Supervisory Development: How to Have a Productive, Positive Conversation with Employees

In the previous post, I attempted to draw a distinction between positive supervisory statements about employee actions and statements about the person. Sticking to action statements is safe territory if you want to avoid the long list of negative employee feelings attached to comments they think are aimed at their personality, character, value, attitude, and so on. Safety Observation Conversations (SOC) and Performance Observation Conversations (POC) correctly managed build Supervisor/Employee relations, increase employee engagement, increase general performance, and improve product quality.

There is a long history of evidence-based data to support the value of “talking with” frontline employees. Frontline employees expect supervisors to approach them if there is a problem. They do not expect a general discussion that begins with statements about what the supervisor has seen the employee has “done” that is of value to the product quality, or safety.

Positive Action Comment not Positive Person Comments

I’m certain this is throwing most readers for a loop. You have been told to use “positive comments” when employees achieve, perform, or improve their job behavior. Sounds harmless doesn’t it?  Sounds right as well. The answer is, it is not as harmless or as easy as it sounds. If you want to use positive management or supervisor tactics that enhance and increase employee engagement, there are things you can and cannot say.

To simplify this discussion, let’s take a look at the words often used to describe a positive comment that attempts to increase employee engagement, job satisfaction, and performance in general. For instance:

Avoiding the Risks of Distraction

You have a narrative in your head; everyone has one. It is the “things” you think about. Most of the time, the narrative wanders. When you must complete a task, your brain (physical mind resource) usually focuses on the sequence of events that the task requires. Other than that, the narrative is in its natural state - wandering without intent – jumping unfettered from one thought, one problem, and one image to another. Sometimes, you don’t have any sequence of grammatically connected words (a narrative) – you have images – you intentionally picture some person or event in your past or possibility in the future.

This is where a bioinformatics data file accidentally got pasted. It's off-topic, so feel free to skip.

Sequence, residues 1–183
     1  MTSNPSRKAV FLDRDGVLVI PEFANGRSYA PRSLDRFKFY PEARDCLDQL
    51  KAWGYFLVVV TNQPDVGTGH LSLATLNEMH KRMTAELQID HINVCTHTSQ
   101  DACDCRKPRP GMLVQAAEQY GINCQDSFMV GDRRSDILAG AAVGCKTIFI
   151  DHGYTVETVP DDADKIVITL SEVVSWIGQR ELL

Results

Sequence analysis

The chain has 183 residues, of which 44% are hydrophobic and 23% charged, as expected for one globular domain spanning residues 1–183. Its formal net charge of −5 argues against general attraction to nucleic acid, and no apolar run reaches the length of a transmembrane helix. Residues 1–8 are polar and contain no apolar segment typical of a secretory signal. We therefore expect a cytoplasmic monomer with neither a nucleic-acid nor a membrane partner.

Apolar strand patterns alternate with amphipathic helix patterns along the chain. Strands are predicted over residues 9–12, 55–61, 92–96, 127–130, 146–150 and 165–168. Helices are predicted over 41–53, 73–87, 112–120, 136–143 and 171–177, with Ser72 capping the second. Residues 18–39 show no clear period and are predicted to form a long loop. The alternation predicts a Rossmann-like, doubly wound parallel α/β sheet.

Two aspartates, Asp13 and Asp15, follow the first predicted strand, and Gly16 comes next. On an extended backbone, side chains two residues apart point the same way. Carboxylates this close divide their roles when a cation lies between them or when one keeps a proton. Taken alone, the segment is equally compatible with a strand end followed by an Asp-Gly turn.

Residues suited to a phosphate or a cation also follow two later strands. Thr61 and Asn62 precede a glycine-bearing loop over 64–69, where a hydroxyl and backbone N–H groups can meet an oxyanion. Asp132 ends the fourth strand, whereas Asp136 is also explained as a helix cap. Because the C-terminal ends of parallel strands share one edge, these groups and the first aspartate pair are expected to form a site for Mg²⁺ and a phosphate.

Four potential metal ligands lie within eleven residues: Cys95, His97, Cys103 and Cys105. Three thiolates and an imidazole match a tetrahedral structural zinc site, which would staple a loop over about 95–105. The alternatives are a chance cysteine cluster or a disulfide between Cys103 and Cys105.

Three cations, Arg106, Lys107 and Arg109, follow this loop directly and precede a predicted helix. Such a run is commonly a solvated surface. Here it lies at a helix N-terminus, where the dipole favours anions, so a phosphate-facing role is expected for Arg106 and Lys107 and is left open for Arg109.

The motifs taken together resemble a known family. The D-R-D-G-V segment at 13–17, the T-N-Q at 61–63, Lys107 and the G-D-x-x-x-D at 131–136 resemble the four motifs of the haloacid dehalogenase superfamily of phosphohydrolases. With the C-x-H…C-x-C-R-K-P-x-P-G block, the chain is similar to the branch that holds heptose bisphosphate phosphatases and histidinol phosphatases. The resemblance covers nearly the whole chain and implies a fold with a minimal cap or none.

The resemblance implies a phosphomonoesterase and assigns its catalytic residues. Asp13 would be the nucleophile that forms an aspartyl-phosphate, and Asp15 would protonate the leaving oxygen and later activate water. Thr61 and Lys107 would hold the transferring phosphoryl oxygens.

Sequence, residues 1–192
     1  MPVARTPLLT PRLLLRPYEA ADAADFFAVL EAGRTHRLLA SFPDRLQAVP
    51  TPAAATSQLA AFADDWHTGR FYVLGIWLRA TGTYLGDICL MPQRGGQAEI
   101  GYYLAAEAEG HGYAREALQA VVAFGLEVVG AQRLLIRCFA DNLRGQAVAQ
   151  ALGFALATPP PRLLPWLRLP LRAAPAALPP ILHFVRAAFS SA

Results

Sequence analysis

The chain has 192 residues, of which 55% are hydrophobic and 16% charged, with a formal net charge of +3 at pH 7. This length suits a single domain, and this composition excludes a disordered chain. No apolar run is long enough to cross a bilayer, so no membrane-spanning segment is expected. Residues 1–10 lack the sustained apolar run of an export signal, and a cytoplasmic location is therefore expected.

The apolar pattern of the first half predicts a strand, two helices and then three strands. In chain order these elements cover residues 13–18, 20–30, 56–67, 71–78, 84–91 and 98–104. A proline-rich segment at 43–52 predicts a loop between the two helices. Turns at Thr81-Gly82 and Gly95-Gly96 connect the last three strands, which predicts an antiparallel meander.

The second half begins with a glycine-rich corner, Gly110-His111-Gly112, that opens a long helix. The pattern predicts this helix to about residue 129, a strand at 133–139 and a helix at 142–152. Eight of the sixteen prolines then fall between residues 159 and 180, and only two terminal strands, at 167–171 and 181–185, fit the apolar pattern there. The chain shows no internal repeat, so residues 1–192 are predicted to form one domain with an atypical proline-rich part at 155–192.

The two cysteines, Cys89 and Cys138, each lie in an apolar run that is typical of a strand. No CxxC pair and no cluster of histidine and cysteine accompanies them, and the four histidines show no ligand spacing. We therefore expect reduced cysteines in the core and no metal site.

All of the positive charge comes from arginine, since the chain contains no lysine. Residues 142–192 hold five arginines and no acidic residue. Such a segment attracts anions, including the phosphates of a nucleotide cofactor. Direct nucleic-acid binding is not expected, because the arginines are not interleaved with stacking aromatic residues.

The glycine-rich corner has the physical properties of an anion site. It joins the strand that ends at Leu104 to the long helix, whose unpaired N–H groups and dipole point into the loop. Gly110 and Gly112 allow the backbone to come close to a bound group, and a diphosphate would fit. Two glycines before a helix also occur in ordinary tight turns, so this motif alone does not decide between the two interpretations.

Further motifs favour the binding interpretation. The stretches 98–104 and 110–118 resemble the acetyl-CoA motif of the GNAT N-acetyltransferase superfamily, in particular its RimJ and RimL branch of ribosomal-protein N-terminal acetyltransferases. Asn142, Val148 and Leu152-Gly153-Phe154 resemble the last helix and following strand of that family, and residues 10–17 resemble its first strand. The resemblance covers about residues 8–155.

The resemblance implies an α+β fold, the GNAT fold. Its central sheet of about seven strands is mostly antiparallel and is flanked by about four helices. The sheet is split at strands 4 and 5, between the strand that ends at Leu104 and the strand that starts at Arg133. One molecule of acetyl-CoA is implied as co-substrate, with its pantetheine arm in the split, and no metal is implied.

Cerebral activity can be experienced while you are sitting or moving. It is possible to control the direction, subject, and imagery purposefully. When the narrative and its associated images are purposeful, we call this thinking. Thinking can be associated with well-known tasks or activities or thinking may be the systematic application of logic and reasoning to an unknown – consciously trying to solve a problem that you want to solve.

Quality Professionals Discover Human Behavior

You may think I'm trying to be facetious with the title of this article, but you would be wrong. It is true; the emphasis on behavior in safety improvement efforts has crossed organizational lines and migrated into the realm of quality improvement. A quality professional somewhere noticed that focusing on safe behavior and unsafe behavior, defining each precisely so that everyone knew those behaviors were relative to their jobs, measuring the frequency of safe behaviors, and providing recognition for increases in safe behavior led to remarkable reductions in injury frequency.

That was the beginning. Then, he or she asked the most important question that has been posed to quality professionals in decades: "Isn't behavior important to implementing quality improvement initiatives and improving product quality?" Suddenly, an epiphany occurred; a realization of a fact too simple to even bother to deny: of course, behavior is an important element in quality—in many ways! Behavior is important in everything we do in an organization to fulfill our mission and reach our objectives.

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